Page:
Diabetes is an illness caused by inadequate or lack of production of insulin (a hormone) by the pancreas (a gland in the abdomen). Insulin is responsible for absorbing glucose (a simple sugar) into the bloodstream, where it is available for body cells to use for growth and energy.
When most people eat, the pancreas automatically produces the correct amount of insulin to absorb the glucose. In people with diabetes the pancreas either produces little or no insulin, or the body’s cells do not respond to the insulin that is produced. Glucose builds up in the blood, overflows into the urine and passes out of the body, with the result that the body loses its main source of fuel.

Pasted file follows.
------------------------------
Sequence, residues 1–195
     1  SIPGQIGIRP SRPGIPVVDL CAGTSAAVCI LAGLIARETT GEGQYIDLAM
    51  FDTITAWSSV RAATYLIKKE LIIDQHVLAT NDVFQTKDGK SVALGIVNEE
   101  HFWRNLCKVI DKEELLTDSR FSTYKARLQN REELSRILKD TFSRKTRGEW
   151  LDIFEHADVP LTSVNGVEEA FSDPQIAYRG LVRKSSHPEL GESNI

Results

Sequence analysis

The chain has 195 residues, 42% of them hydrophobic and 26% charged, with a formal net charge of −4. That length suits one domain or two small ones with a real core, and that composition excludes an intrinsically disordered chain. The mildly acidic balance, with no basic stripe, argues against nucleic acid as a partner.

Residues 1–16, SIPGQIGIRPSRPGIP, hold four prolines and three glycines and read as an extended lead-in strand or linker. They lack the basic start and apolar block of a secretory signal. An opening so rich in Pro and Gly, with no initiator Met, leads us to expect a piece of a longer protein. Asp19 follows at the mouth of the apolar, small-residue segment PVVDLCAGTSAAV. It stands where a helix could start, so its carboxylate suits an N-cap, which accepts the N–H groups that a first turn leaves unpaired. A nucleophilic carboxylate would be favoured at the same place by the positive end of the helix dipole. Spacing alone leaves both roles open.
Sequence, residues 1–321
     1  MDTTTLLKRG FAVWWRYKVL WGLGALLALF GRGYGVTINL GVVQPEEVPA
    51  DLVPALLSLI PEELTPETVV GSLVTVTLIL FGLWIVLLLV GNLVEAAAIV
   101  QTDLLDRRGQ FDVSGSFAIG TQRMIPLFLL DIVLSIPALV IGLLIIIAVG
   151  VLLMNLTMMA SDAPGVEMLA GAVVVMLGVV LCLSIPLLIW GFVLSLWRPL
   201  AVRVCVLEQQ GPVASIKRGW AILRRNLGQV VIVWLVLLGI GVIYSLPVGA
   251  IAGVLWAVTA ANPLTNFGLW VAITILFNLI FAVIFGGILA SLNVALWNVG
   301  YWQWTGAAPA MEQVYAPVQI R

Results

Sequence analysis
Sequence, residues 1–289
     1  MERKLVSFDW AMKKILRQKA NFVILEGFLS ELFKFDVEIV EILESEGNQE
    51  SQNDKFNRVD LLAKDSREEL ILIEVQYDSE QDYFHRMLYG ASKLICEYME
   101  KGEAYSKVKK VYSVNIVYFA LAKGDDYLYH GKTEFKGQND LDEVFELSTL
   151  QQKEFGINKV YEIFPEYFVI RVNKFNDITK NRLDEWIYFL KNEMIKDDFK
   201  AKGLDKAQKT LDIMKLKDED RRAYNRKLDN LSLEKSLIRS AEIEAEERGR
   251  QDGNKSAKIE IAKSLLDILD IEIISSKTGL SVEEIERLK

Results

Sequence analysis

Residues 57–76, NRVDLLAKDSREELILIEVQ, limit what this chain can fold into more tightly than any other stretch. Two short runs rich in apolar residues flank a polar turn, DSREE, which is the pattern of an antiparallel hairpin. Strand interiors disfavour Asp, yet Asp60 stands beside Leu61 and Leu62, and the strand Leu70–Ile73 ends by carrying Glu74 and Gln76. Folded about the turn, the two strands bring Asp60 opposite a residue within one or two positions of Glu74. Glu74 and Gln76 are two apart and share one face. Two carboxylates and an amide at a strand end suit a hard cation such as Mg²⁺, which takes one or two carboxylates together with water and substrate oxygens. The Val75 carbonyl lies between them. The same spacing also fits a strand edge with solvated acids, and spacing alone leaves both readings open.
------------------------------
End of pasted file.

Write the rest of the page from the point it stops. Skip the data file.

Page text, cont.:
If untreated, diabetes can cause blindness, heart disease, strokes, kidney failure, nerve damage and birth defects in babies born to women with diabetes. There are two major forms of diabetes — type 1 diabetes and type 2 diabetes. Both types of diabetes tend to run in families, although only 10% of type 1 patients will have a family history of diabetes; in type 2 diabetes, this figure rises to 30%.
Diabetes is a disease that affects the whole family, especially when a child is
diagnosed.
Symptoms of Type 1 and Type 2 Diabetes
Symptoms of diabetes can be similar in type 1 diabetes, typically diagnosed in children and teens, and type 2 diabetes, which most often occurs in adults. Symptoms of any type of diabetes are related to high blood and urine glucose levels and include,

Test Blood Glucose For Diabetes in Pregnant Woman With Glucometer

• frequent infections,
• nausea,
• vomiting, and
• blurred vision.
• hunger,
• dehydration,
• weight loss or gain,
• fatigue,
• dry mouth,
• slow-healing wounds, cuts, or sores,
• itching skin, and
• increased susceptibility to infections…Read More